Portrait of Yu Qian
|Official of the Ming dynasty|
|Died||1457 (aged 58–59)|
|Courtesy name||Tingyi (Chinese: 廷益; pinyin: Tíngyì; Wade–Giles: T'ing-i)|
|Posthumous name||Zhongsu (simplified Chinese: 忠肃; traditional Chinese: 忠肅; pinyin: Zhōngsù; Wade–Giles: Chung-su)|
|Other names||Jie'an (simplified Chinese: 节庵; traditional Chinese: 節庵; pinyin: Jié-ān; Wade–Giles: Chieh-an) (art name)|
Yu Qian was born in Qiantang County, Hangzhou, Zhejiang. He started his career in the Ming civil service after obtaining the position of a jinshi (進士; successful candidate) in the imperial examination in 1421. He helped to suppress a rebellion by the prince Zhu Gaoxu in 1426 and earned the favour of the Xuande Emperor (r. 1425–1435), who appointed him as the Grand Coordinator of Shanxi and Henan. During the reign of the Zhengtong Emperor (r. 1435–1449), he offended the influential court eunuch Wang Zhen and ended up being imprisoned. However, he was released later, reinstated as an official, and further promoted to serve as the Minister of War.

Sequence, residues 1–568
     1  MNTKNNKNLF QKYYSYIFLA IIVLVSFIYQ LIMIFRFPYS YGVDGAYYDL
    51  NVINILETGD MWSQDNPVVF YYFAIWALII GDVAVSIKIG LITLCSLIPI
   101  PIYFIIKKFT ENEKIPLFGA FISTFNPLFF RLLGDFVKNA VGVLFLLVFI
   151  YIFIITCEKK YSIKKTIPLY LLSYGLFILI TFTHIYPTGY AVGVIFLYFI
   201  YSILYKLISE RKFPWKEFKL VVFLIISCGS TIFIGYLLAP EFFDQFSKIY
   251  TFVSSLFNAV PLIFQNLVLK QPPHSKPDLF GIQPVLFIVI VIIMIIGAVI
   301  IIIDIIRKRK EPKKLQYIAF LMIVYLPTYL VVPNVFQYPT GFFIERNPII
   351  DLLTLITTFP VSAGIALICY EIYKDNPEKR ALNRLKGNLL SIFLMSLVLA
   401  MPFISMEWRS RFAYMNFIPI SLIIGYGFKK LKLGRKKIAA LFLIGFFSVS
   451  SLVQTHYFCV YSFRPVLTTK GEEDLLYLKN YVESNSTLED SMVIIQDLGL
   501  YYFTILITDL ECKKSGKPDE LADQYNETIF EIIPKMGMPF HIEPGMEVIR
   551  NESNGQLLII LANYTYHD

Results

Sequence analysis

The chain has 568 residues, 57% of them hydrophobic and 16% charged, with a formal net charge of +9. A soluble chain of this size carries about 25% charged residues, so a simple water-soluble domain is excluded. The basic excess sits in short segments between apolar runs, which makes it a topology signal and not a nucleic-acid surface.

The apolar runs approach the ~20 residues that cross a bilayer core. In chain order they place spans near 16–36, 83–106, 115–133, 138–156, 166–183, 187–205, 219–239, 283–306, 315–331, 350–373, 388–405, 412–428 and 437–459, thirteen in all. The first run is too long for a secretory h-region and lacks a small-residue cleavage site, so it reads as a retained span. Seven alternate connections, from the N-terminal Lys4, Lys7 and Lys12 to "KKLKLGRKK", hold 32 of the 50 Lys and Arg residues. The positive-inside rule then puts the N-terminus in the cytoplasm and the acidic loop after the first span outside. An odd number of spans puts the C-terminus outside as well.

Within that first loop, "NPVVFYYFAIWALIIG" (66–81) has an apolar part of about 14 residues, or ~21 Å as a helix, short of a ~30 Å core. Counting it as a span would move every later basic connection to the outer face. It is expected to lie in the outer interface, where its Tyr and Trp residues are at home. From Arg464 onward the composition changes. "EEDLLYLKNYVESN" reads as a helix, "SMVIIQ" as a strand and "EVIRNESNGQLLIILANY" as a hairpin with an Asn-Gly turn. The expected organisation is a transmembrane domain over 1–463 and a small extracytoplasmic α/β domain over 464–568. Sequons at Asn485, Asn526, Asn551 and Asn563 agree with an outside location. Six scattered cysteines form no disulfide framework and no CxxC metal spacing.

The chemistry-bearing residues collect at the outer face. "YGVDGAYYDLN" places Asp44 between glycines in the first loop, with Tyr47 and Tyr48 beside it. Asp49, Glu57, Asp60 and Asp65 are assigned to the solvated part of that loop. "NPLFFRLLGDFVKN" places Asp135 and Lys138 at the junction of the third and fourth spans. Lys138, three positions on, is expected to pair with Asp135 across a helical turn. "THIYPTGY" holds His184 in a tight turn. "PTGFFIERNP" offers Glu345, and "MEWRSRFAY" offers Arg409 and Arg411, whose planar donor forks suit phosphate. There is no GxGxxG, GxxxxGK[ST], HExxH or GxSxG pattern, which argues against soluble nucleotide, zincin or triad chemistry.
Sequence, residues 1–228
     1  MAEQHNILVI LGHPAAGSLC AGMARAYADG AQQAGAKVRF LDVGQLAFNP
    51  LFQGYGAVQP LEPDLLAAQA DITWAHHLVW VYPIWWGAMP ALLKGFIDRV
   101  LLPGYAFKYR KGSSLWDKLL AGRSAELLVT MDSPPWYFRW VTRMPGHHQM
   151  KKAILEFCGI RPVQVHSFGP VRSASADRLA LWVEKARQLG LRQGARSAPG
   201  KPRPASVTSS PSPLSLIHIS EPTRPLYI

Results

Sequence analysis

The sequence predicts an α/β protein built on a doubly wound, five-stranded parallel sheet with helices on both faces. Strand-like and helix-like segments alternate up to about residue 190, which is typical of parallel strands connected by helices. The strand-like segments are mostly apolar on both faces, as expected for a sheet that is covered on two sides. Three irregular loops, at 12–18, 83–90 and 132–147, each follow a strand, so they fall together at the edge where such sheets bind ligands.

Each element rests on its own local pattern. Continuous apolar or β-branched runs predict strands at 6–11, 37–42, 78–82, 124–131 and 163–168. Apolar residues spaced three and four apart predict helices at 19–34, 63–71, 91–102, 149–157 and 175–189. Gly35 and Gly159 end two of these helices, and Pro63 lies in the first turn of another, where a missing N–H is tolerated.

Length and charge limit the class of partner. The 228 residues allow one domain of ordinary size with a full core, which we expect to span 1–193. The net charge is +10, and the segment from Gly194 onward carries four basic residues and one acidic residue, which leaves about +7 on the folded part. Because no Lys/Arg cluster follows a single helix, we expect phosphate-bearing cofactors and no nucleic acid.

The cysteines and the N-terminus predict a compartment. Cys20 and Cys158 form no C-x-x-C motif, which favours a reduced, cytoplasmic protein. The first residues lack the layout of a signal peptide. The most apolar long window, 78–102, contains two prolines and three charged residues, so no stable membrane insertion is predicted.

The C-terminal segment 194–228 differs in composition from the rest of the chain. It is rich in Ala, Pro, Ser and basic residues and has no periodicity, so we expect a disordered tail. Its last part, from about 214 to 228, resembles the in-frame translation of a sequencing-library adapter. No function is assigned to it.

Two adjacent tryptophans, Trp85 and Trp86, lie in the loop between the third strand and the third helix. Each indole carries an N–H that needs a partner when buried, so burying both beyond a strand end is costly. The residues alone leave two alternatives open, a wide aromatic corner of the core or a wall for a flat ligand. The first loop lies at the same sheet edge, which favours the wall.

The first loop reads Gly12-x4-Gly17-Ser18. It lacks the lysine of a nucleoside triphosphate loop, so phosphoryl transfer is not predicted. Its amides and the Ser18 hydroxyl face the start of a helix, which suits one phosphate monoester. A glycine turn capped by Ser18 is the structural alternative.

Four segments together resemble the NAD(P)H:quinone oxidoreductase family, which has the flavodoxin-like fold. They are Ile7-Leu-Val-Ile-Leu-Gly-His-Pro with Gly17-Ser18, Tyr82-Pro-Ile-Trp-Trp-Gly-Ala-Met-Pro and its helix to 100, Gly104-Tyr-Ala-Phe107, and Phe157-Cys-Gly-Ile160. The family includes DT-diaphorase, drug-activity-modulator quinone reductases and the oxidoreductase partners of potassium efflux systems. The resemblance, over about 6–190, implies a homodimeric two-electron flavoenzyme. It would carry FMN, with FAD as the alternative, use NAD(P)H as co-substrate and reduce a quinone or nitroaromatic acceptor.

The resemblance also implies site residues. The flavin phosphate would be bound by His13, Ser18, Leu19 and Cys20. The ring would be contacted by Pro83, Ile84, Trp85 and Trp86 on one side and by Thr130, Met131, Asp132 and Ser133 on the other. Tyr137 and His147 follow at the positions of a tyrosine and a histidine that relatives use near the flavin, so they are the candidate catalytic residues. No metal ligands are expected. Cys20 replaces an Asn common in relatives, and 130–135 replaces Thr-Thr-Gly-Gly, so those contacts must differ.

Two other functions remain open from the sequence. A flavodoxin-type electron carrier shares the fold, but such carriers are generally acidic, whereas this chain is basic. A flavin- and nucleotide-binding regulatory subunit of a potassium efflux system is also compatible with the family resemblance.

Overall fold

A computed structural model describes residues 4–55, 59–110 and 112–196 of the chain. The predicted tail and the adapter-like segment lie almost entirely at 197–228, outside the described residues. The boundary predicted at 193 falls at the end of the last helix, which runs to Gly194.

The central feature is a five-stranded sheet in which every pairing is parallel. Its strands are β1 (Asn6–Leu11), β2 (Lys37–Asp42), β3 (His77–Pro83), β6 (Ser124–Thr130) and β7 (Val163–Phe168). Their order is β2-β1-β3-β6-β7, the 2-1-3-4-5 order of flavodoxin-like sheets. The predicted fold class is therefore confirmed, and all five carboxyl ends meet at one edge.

In 1449, Yu Qian played an important role in leading the defence of the Ming capital, Beijing, from attacks by the Oirat Mongols, who had earlier captured the Zhengtong Emperor at the Battle of Tumu. The Jingtai Emperor (r. 1449–1457), who succeeded the Zhengtong Emperor, appointed Yu Qian as the Crown Prince's Guardian and Tutor. In 1457, the former Zhengtong Emperor, who had returned after he was released by the Mongols, seized power from the Jingtai Emperor in a coup and restored himself to the throne as the Tianshun Emperor (r. 1457-1464). Yu Qian was falsely accused of treason and executed. He was later posthumously rehabilitated by the Chenghua Emperor (r. 1464-1487) and given the posthumous name Zhongsu (lit. "loyal and stern") by the Wanli Emperor (r. 1572–1620). There are memorial halls and shrines built in Beijing and Hangzhou to commemorate and honour Yu Qian.
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